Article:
I decided that the way forward was to give out free trial jars of Wookies with the hope that I could sign customers up for an ongoing subscription once they had tasted how freaking amazing they were.  So I baked 5 batches of chocolate chip cookies and packaged them into their beautifully branded Wookie jars and headed to North Sydney.  As I walked in to the first office my heart was beating so hard that I was sure that you could see it through my shirt.  My hands were shaking, and so was my voice.  “Hi, I’m Jane form Wookies, Work Cookies…” I gave my nervous spiel.

The girl at reception was very sweet, but basically said ‘thanks but no thanks’.  My heart sank and my negative self-talk started.  ‘This is a stupid idea, why would anyone buy my cookies, I’m just a home baker, I’m not good enough for anyone to pay money for them.”  But I had 5 jars of 30 cookies in the back of my car, what was I going to do with 150 cookies?  So I took a few deep breaths and went into the next office, with my heart rate a bit slower and a more confident spiel.  The receptionist was so enthusiastic, and was genuinely excited to take a trial jar.  Woohoo!  I walked out of there with the biggest smile on my face.  My confidence was through the roof, it was such a rush.  I went into 9 offices in total that day and gave out 5 trial jars, not a bad hit rate.   Then again I was giving away free cookies!

When I went back a week later to collect jars and get a commitment for subscriptions, three were a polite but definite no, but two of the offices said they were interested in taking delivery every fortnight.  I was so excited, and my dreams of cookie world domination seemed to be that much closer.  Unfortunately neither of my potential customers sent back an order form.  That hit my confidence pretty hard and I got very despondent about the whole venture.  It turned out that my work place became my biggest (only) customer, and I continued Wookies for a few months.  I eventually realised that I enjoyed baking less when it was done under obligation.  Plus I didn’t get that same feel good factor of ‘giving’ and ‘sharing’ my baking with others.  Also from an economic standpoint it seemed to be a big effort for very little reward.  So as it stands today, the Wookies idea has been put on the shelf.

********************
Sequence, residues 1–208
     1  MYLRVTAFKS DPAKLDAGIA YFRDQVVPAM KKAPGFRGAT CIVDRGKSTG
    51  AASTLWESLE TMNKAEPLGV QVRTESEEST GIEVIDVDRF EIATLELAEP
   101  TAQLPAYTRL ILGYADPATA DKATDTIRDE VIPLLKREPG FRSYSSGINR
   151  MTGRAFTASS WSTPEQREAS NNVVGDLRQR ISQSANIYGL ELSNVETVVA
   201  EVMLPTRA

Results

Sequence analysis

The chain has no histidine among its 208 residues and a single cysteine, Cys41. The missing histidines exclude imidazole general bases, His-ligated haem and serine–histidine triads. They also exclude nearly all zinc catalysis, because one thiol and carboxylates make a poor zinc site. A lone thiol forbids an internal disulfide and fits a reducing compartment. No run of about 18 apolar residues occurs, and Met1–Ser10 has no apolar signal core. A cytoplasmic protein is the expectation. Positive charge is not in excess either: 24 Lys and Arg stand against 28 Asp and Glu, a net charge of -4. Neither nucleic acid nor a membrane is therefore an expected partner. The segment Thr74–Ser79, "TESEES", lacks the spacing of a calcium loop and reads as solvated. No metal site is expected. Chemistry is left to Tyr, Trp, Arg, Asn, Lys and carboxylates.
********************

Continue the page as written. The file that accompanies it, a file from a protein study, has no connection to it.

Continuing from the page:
I’m not sure whether Wookies would have been successful had I picked myself back up and kept persevering, but regardless of that, starting Wookies wasn’t a completely wasted experience. I learned a lot from my brief foray into the business world.  I certainly gained a new respect for small business owners.  However, the key realisation was how important resilience is in business.  The ability to pick yourself up after being rejected, to not take it personally and keep going can be the difference between success and failure.  Rejection is a normal part of business and a normal part of life.  But it’s NOT personal.  It’s not a judgement on who you are as a person.  It’s about how what you have to offer fits with someone else’s needs, and whether they personally value what you have to offer.  It’s about THEM, not YOU.

In business, as in life, we have to risk rejection in order to achieve what’s most important to us.   By experiencing rejection regularly and building and strengthening pathways in your brain, you build resilience and reduce the pain reaction in your brain.  Being able to push past the fear of rejection will build your confidence and allow you to do things you never knew you were capable of.  I feel like this is one comfort zone challenge I am going to keep persevering at, but hopefully the more I do it the easier it will get.  I don’t want to let fear hold me back anymore.

What would you do if you weren’t afraid?

Love Jane xx